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Rep. Owens backs IJC’s water regulation proposal


The water regulation strategy for Lake Ontario and the St. Lawrence River must be updated to prevent “irreparable damage” to the region’s ecosystem, according to Rep. William L. Owens, D-Plattsburgh.

In a letter Wednesday to Lana Pollack, U.S. co-chairwoman of the International Joint Commission, Mr. Owens voiced his support for IJC’s “Plan 2014” water management proposal — praising it as a “pragmatic, comprehensive strategy that reasonably balances environmental and economic concerns.”

“Shoreline property owners, mariners and hydroelectric energy producers have a significant financial stake in this decision. And it is clear inaction will create further, possibly irreparable, damage to our environment,” he said in the letter.

The IJC — a bilateral agency that advises the U.S. and Canadian governments on issues affecting the two nations’ shared waters — is seeking public feedback on the proposed plan that promises environmental restoration and significant economic benefits for hydropower production.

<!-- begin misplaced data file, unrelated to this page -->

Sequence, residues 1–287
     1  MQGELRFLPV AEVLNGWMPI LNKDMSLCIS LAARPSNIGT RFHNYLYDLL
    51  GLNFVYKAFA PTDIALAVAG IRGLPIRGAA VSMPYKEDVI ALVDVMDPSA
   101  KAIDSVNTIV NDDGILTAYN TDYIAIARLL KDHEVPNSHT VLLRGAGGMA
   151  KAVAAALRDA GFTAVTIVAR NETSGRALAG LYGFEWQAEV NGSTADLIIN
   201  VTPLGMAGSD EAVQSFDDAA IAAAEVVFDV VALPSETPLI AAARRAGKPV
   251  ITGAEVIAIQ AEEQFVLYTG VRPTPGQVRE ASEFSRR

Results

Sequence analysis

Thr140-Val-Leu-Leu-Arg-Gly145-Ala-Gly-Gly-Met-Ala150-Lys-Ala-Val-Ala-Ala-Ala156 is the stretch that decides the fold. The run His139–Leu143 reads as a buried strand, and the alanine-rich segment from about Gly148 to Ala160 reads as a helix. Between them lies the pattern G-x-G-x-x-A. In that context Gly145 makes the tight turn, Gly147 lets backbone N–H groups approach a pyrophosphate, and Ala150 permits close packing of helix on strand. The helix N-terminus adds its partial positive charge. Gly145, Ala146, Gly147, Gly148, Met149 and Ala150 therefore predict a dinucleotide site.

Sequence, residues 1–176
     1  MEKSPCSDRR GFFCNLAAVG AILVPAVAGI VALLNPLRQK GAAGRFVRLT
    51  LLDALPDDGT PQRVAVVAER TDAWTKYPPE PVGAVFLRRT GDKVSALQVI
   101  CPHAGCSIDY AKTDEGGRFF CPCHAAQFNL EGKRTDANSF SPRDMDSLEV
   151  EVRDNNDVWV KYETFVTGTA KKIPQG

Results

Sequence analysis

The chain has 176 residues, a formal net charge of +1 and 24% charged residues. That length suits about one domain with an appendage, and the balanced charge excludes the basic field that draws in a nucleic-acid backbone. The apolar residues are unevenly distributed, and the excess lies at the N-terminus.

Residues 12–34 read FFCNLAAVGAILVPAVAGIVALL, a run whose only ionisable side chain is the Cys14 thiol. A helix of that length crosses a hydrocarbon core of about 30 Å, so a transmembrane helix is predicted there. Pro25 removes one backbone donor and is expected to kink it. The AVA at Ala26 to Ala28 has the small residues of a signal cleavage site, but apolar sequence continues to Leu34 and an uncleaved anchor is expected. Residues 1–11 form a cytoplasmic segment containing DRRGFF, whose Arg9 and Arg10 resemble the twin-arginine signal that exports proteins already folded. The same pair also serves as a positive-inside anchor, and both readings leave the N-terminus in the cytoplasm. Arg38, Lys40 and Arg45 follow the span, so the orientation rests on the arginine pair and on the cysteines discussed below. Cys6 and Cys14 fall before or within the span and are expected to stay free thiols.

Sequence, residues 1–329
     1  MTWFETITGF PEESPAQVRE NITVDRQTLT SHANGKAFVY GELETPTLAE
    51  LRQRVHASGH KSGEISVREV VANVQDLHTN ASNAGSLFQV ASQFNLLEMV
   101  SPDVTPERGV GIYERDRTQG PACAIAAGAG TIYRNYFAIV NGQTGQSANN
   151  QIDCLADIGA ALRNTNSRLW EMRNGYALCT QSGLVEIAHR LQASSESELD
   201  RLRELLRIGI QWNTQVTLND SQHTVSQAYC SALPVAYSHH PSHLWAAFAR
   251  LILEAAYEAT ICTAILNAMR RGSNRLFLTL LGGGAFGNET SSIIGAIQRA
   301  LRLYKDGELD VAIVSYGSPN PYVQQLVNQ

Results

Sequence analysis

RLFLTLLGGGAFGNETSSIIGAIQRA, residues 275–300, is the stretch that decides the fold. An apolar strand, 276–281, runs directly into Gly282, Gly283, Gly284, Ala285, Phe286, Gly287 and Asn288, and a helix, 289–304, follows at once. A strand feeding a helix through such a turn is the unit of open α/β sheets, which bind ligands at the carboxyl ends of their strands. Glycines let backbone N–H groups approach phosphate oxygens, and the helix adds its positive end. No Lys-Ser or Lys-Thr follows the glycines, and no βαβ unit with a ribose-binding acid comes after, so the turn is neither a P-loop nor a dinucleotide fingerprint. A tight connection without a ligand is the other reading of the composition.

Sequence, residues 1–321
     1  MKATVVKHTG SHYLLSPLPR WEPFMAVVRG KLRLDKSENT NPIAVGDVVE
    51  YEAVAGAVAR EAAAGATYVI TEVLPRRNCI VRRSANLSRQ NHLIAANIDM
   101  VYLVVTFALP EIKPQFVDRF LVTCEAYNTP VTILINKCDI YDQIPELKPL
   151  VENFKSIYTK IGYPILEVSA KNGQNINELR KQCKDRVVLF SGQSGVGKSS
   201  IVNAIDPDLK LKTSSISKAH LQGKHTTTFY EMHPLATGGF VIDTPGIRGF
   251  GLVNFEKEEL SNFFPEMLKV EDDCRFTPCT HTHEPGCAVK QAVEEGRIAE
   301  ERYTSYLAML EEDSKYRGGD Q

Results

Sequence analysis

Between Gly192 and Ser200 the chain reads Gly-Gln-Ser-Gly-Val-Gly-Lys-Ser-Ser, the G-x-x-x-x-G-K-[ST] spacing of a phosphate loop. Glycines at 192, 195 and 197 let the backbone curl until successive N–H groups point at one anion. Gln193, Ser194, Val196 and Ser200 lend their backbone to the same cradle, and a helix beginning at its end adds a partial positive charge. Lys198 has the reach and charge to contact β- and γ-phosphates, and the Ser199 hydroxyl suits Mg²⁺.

While the current plan — 1958-DD — aims to keep water levels relatively stable within a 4-foot range, Plan 2014 would bring back more natural water fluctuation patterns.

But this greater seasonal variability in water levels also means there would be a higher risk of flooding and erosion, which is why coastal property owners along the lake’s south and eastern shores are adamantly opposing the proposed changes.

Northern lake and St. Lawrence River communities, on the other hand, have largely embraced Plan 2014 as it finally recognizes environmental and recreational boating interests, which have been neglected for decades under the current plan.

“The community deserves tremendous credit for its engagement in the development of Plan 2014. The public comment period has demonstrated that New Yorkers and Canadians living along Lake Ontario and the St. Lawrence River truly understand this issue and continue to live up to their reputation as passionate stewards of the environment,” Mr. Owens said.

IJC held several public hearings last month in lake and river communities, including in Alexandria Bay, and will be accepting written comments until Aug. 30.

The commission plans to make its final recommendation to the U.S. and Canadian governments this fall.

“As this process continues, I am confident stakeholders and policymakers at the federal, state and local levels will work together to address additional challenges as they arise,” Mr. Owens said.

To learn more about Plan 2014 or to submit a comment online, visit:

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